I fly on an easyJet flight every couple of weeks. It’s the best way to find out what our passengers and our people think about us. A few weeks ago the customary PA from the Captain about that morning’s flight was delivered by one of our female pilots.
Two women sitting in front of me did a double take, turning to each other in surprise. That’s not an unusual reaction and it reflects the fact that it’s a profession dominated by men. Fifty years ago almost all professions were like that but since then there has been significant progress with women entering and attaining senior positions in professions like law, medicine, education, finance and politics.
I believe that women in leadership positions need to inspire female leaders. I also believe in a meritocracy. Five out of nine of our management board are female and around a third of our middle and senior leadership team are female. We have a fairly equal balance of men and women in almost all areas of the airline but not in the pilot community.
It is hard to think of another high-profile profession where women are so under-represented and where the proportion of men to women has not altered over decades. The International Society of Women Airline Pilots estimate that just 3% of pilots worldwide are female and that only 450 of them have achieved the rank of Captain – which means every female Captain could fit onto a single A380 aircraft!
This is something the entire aviation industry can do something about. easyjet last year launched the Amy Johnson initiative, named after this inspirational pioneer.
She achieved worldwide recognition in 1930 when she became first female pilot to fly solo from Britain to Australia. She set numerous long-distance records and like many other women flew in the Second World War as a part of the Air Transport Auxiliary.
Our aim of doubling the number of female new entrant pilots over two years has been welcomed. We’ve seen some real success so far [women comprise 5% of easyJet pilots but 12% of its new pilot intake], and have set ourselves ambitious targets to do even more, aiming for 20% of pilot intake by 2020. easyJet can make a real difference in the industry, drawing on the full range of talent – female, male, of diverse backgrounds and histories.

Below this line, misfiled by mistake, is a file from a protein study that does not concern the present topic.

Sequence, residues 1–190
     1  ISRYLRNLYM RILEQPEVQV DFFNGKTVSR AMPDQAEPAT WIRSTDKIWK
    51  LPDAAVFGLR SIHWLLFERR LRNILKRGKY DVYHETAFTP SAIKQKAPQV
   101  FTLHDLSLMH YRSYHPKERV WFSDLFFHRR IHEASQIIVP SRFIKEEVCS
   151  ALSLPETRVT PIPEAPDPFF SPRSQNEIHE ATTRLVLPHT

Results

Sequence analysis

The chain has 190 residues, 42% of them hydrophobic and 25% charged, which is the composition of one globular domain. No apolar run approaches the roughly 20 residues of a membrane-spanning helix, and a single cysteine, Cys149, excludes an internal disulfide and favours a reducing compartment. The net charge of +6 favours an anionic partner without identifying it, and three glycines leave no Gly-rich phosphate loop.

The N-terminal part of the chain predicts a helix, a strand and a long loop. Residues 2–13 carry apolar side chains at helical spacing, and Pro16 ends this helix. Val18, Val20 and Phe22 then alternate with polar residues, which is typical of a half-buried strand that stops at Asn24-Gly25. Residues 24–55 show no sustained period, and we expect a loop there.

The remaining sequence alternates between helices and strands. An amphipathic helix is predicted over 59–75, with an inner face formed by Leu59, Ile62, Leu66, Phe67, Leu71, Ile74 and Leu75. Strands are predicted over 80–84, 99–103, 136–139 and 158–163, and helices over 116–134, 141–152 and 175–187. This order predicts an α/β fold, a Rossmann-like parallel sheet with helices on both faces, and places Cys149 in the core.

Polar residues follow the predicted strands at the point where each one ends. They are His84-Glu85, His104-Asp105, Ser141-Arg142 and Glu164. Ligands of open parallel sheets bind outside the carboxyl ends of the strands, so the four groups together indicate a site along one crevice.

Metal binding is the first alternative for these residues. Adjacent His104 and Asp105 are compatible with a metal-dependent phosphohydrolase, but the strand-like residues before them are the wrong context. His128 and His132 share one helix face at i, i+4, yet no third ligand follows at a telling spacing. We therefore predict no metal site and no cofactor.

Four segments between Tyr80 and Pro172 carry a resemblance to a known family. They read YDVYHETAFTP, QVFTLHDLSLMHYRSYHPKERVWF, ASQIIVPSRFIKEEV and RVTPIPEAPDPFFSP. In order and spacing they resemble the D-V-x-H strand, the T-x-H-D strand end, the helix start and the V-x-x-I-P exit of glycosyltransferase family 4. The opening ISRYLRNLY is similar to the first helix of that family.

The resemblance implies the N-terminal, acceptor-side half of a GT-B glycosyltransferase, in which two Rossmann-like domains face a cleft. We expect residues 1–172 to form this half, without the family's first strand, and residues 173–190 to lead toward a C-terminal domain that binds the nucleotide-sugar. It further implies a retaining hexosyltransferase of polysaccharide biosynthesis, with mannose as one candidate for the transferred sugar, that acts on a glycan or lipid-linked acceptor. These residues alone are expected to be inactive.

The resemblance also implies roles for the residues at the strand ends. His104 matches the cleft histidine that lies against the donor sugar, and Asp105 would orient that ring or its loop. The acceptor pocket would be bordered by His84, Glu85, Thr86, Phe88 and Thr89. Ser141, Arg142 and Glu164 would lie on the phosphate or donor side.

This is why we made reaching out to girls in schools and colleges a key element of the Amy Johnson programme. Many of our female pilots speak in schools to try and encourage them to consider a career as a pilot, inspiring the next generation and helping them to see and believe that they can break down boundaries that no longer need to be there.
This is so important. Change starts with this generation, and as business leaders we have the responsibility and privilege of helping inspire them to succeed. This is why I am speaking as part of the Speakers for Schools campaign, "Bridging the Gap". The campaign aims to reach audiences of state school children and allow them to raise their aspirations and to help engender a culture of ambitiousness. Endeavours such as these are particularly important when you consider that, currently, although state school pupils make up 93 per cent of the school-age population, those from privately educated backgrounds still dominate leading UK professions.
Raising awareness of these opportunities through these events have real, significant effects; recent studies have shown they help to heighten the children’s aspirations and improve their prospects.
We know that there is often more than one barrier to entry - the high cost of training as a pilot can be one - therefore the Amy Johnson programme includes a loan underwriting scheme to help improve access for women and men of all backgrounds.
We now have an aircraft named after Amy Johnson. It won’t operate to Australia but it will fly across the easyJet European network to generate awareness of this initiative. And we believe our pilots, through their school visits will inspire a new generation of female pilots which will encourage more women to take to the skies.
Read the MT Interview with Carolyn McCall